Monday, July 11, 2011

The Kindling Theory Of Bipolar Disorder

If you want to start a fire you need kindling in the form of a flammable material in order to light the main fuel of the fire, and create a long lasting fire.  The more kindling that occurs, the faster and stronger the fire will grow, and it will be harder to put out.  What exactly does this have to do with Bipolar Disorder?  This is the idea behind the Kindling Theory of Bipolar Disorder.  This theory is based on the idea that a stressful situation leads to the first bipolar episode whether it be manic or depressive.  The Bipolar Disorder starts growing like the kindled fire, and if it is not treated more episodes will occur making the bipolar episodes more frequent and also more severe.  The kindling theory would help to explain why bipolar episodes get worse over time.  It would also explain why many people with Bipolar Disorder have less severe symptoms before their first major episode.  However, it fails to explain why some people can go into remission for extended periods of time before their next episode.  It also fails to explain why people who are treated early would go on to have severe episodes.  In my opinion, the kindling theory explains some aspects of Bipolar Disorder, but not everything.  If the kindling theory is even partly correct, it is a major reason to push for more awareness and early diagnosis's of Bipolar Disorder because the longer the time before the bipolar diagnosis, the harder the Bipolar Disorder will be to treat.  On average, people with Bipolar Disorder are properly diagnosed 10 years after their first symptoms.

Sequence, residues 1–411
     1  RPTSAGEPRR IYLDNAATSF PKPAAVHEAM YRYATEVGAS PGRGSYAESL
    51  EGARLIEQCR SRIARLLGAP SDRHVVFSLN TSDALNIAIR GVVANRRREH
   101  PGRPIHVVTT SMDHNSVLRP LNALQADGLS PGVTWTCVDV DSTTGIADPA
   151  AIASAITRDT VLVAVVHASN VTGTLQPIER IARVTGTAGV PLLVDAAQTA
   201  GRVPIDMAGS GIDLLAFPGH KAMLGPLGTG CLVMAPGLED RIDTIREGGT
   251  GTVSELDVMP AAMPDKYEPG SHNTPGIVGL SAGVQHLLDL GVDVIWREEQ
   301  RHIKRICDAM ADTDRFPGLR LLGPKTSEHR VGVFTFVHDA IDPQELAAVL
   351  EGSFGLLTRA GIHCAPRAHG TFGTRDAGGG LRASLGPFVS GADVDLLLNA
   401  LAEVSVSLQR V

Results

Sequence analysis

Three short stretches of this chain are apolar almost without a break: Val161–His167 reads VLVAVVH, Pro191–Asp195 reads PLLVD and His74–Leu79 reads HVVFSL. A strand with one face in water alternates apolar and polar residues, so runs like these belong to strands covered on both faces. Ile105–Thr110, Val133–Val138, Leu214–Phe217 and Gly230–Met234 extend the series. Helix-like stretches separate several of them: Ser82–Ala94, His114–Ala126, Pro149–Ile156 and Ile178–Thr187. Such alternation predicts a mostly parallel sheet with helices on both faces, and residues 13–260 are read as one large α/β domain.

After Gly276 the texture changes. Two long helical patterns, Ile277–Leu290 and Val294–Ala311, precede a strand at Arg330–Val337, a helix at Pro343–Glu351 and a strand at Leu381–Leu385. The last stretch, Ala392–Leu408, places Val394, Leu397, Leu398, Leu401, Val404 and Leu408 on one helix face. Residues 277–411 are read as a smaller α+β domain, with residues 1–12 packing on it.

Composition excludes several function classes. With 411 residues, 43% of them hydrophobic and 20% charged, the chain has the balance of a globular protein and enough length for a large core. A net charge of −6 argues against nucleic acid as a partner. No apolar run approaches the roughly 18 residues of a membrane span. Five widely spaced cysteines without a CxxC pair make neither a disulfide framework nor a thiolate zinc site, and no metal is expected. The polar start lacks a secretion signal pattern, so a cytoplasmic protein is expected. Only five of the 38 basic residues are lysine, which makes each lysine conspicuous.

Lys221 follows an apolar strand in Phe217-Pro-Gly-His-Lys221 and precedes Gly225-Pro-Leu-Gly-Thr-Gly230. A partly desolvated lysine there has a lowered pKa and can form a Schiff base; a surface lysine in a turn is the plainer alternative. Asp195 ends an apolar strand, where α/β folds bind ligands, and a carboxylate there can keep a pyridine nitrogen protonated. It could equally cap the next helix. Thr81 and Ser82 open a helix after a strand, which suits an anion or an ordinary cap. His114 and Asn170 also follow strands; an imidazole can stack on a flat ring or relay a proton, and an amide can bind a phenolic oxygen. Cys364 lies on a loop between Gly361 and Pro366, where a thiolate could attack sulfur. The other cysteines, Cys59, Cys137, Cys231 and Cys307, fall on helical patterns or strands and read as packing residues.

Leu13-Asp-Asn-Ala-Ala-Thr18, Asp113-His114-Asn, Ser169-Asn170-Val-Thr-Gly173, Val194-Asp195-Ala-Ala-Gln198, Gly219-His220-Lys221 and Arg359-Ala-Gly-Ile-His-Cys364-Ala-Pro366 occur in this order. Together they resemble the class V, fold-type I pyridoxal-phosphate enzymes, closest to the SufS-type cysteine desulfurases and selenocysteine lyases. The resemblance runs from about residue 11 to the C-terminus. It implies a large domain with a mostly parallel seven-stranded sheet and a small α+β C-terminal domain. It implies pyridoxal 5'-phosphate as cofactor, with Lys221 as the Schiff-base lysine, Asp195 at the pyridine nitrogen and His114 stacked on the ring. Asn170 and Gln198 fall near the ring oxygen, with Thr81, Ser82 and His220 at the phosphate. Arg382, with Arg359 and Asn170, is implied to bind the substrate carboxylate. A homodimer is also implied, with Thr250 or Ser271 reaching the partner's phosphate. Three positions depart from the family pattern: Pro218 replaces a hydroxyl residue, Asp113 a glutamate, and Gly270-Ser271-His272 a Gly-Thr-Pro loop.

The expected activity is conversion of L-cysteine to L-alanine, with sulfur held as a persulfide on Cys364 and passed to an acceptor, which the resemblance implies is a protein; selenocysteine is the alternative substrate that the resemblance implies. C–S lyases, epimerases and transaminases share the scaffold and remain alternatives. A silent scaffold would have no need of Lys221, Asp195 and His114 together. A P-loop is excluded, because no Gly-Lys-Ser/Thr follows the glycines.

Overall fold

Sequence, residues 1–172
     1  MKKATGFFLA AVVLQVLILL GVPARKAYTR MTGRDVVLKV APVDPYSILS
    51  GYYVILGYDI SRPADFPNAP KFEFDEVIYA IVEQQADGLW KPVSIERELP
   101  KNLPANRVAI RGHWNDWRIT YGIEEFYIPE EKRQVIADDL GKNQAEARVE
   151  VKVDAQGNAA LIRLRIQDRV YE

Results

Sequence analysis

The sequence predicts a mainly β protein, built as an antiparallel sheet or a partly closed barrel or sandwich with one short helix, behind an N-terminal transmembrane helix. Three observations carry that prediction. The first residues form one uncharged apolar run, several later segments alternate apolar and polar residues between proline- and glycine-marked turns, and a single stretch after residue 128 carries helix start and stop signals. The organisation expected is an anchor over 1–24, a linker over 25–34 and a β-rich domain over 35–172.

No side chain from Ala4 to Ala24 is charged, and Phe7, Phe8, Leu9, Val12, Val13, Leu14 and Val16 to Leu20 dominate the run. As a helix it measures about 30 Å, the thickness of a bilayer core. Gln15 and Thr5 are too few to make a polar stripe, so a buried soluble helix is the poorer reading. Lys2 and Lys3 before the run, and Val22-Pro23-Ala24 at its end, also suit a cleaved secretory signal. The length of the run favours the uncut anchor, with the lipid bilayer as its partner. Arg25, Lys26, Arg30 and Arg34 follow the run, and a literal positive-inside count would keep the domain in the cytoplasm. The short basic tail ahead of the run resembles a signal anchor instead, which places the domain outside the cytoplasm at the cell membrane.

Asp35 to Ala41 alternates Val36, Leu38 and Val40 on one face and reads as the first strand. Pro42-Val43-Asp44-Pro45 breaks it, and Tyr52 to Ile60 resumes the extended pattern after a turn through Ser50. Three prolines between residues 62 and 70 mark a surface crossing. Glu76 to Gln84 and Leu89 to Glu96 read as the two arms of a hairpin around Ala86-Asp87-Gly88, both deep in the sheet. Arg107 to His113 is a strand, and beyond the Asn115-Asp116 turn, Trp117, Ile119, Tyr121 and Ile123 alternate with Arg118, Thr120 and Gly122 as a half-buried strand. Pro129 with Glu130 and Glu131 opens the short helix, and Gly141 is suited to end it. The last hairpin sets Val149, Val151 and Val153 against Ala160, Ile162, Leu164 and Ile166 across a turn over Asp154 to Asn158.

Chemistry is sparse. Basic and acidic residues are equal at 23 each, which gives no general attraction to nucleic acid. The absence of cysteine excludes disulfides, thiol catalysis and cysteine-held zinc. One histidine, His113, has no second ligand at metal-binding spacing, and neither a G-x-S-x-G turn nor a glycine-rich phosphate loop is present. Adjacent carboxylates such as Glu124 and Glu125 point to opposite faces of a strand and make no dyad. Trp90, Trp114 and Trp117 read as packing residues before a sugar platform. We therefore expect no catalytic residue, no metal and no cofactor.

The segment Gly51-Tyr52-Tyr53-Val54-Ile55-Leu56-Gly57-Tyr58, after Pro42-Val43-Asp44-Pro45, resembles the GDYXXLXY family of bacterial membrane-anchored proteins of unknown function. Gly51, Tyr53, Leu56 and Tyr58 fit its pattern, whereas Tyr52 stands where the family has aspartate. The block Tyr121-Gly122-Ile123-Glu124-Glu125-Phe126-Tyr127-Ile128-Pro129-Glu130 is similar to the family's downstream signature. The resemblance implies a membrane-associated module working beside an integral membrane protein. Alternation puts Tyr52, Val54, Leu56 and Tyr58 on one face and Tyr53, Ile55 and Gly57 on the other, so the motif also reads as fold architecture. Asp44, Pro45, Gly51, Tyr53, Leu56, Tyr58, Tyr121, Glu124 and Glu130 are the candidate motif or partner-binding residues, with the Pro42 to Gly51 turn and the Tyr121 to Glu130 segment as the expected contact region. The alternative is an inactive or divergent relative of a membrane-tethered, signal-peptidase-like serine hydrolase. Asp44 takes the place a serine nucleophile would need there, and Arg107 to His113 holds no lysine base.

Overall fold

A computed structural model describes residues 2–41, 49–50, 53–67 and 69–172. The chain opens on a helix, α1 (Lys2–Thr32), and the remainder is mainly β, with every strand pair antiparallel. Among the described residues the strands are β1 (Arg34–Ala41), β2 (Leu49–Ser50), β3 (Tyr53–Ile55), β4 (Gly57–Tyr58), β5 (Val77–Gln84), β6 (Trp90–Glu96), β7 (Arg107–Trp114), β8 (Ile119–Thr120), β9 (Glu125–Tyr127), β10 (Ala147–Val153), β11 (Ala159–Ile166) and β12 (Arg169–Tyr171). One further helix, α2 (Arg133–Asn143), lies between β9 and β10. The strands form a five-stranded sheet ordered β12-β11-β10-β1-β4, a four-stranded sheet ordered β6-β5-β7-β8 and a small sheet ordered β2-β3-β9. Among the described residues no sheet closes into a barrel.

1. makes sense to me. it took major traumatic events closely spaced to trigger my "break" that finally led me to the bipolar diagnosis. Thank goodness it happened.

  2. I have never heard of this theory before. Personally once a episode happens and isn't taken care of or treated it just gets harder to bring down until it out of nowhere remissions itself. They also, have the other part right don't know when the next one is coming but i also have rapid-cycle bipolar so its like Russian roulette sometimes never know when or where. Diagnosis was after a severe episode unluckily.

  3. I have been living with bi-polar disorder since 14 years old. I will honestly say this is very true I had a very bad childhood and over the years it has effected my mental status. I have done the ultimate no-no by trying to live a normal life with our meds and that has total backfired. The worse my stress the worse my mental status and being bi-polar you really can not control the range of your emotions. I wish that they would be able to do better research to help instead of meds.

  4. for me i had a traumatic event when i was 19
    i got severely depressed for 2 years.
    was fine for a couple of years after that.
    then i became hypo-manic for 22 weeks till i was hospitalised and given antipsychotics.

    in the time leading up to the hypomanic episode i hadnt had any stressful situations or events but the huge depression id had was more like logs then kindling